Along the way we stopped at some beautiful beaches and also had lunch at one of the boutique breweries - Eagle Bay Brewing Co. Now I like the taste of beer so I thought I would give the Pale Ale a try. It was a very fruity brew in fact to me it tasted like grapefruit. I didn't really like it but the one Shane had a Mild Ale that tasted a lot better.

Just one of the beautiful white sandy beaches we saw

Family of Four at Dunsborough Beach
Eagle Bay Brewing Co. Mild Ale

I was surprised to see Santa and Rudolf in this farmers front paddock!

Saturday, December 14, 2013

Bunbury to Busselton

We arrived at the Mandalay Holiday Resort in Busselton safe and sound. It's very busy because of the school holidays, but is a really nice place to stay for our week. Today's weather was a bit of a scorcher with the weather getting to almost 40c. We decided to drive inland to the Manjimup Cherry Harmony Festival for 2013. The drive through the countryside was nothing short of beautiful. One minute we were surrounded by rolling fields scattered with very healthy looking cattle, then all of a sudden the huge trees of the WA Southern Forests closed in on us and we were surrounded by huge magnificent pines and other sorts of tree. Also scattered amongst this beautiful scenery were the wineries that this region is well known for.
Driving through the beginning of the WA Southern Forests
The village of Manjimup was a lot bigger than I thought it would be and today the closed off streets were buzzing with art, market stalls, singing, dancing, wood chopping competition, a fashion parade and lots and lots of people. We wandered around checking everything out until the heat finally got to us and we headed to the Manjimup RSL (Returned Services League) for a nice cold beer before heading back on the road for our journey home.

Dancing in the streets

Chopping some wood

Even Rob from Better Homes and Gardens was there giving some tips

Music in the streets

A corrugated kangaroo

Miss (not so short) Cherry Festival

We took a different route to get back to Busselton and were certainly not disappointed with equally beautiful scenery as earlier.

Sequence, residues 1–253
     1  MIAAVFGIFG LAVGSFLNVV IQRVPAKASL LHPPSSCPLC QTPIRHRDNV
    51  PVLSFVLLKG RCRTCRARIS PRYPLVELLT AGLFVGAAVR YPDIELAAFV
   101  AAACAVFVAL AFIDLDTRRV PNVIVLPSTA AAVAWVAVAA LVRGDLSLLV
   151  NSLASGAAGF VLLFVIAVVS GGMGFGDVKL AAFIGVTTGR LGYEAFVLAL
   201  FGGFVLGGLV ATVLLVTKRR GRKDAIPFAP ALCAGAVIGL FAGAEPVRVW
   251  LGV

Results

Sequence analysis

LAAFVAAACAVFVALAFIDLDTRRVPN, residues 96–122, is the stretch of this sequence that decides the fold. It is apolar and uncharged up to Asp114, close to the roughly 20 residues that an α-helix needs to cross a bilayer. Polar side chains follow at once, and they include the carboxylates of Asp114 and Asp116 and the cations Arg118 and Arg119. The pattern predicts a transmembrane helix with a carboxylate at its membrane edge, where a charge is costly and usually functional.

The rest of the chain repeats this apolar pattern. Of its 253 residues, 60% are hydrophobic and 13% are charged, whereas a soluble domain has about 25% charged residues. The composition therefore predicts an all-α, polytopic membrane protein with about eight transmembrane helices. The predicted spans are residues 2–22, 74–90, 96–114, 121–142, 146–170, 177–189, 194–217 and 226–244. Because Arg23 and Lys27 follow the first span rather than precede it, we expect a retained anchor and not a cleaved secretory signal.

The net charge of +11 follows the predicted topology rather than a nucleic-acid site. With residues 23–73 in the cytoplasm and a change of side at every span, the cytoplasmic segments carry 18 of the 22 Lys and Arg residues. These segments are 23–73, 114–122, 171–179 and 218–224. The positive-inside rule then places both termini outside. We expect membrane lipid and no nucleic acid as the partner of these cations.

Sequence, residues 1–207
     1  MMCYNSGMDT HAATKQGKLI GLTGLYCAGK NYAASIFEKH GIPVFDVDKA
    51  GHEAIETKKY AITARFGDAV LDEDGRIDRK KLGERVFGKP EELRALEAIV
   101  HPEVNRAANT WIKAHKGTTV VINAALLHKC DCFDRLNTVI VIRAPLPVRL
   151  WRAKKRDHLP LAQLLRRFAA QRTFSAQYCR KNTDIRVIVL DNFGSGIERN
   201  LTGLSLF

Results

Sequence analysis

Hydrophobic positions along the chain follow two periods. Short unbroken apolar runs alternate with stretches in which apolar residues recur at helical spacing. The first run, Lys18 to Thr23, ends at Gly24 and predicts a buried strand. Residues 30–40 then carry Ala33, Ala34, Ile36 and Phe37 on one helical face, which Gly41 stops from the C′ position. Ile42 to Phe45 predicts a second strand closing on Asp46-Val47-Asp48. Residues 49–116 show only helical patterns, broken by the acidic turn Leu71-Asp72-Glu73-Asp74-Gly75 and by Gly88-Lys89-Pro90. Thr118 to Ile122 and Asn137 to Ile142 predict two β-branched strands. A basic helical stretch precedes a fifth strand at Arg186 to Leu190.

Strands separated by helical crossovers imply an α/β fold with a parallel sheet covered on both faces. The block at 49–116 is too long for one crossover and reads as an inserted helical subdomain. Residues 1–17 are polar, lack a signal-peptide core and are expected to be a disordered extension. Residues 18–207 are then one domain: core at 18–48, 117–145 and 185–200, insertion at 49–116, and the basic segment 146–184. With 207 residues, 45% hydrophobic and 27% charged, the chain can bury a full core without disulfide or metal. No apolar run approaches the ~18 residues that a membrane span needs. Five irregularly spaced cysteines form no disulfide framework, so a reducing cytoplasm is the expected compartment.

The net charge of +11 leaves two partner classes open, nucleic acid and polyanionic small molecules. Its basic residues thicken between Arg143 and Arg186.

Once again the names of the villages we either drove through or saw signs for amazed me. Such as Nannup, Palgarup, Wilgarup, Balbarrup, Nyamup, Darradup, Ballingup,
Mullalyup, Cundinup, Jalbarragup, Yoongarillup and of course Manjimup.

Thursday, December 12, 2013

Merry Christmas from Bunbury

I've had a pretty quiet time the last couple of days as I've been a bit off colour. Not sure if I have a chest infection or it's just my asthma playing up. But I will be fine as I have plenty of time to rest up.
Well we had our Maron the other night for dinner and I must say they were pretty scrumptious. I wouldn't say they are any better than a nice big crayfish but they are pretty nice.
Our little table ready for our Maron meal

Yummy Maron

We are now packing up to head down to Busselton tomorrow all 64kms of travel. So needless to say we don't have to get up early to pack up. I'd  like to take this time to wish all my friends, family and readers a Very Very Merry Christmas and the Best 2014 you could possibly have. It will certainly be a different (lonely) Christmas for me as I won't be spending it with any of my family. The phone lines will be running hot. Oh by the way my new grand baby is due any day now - I awaiting a call to say Stacey (O'Sheas mummy) has gone into labour. I'm sort of hoping she holds off until Sunday as that will be my late Mums birthday.

My adorable grandson O'Shea enjoying his childcare Christmas breakup

My beautiful granddaughters Clare and Mikayla loving Santa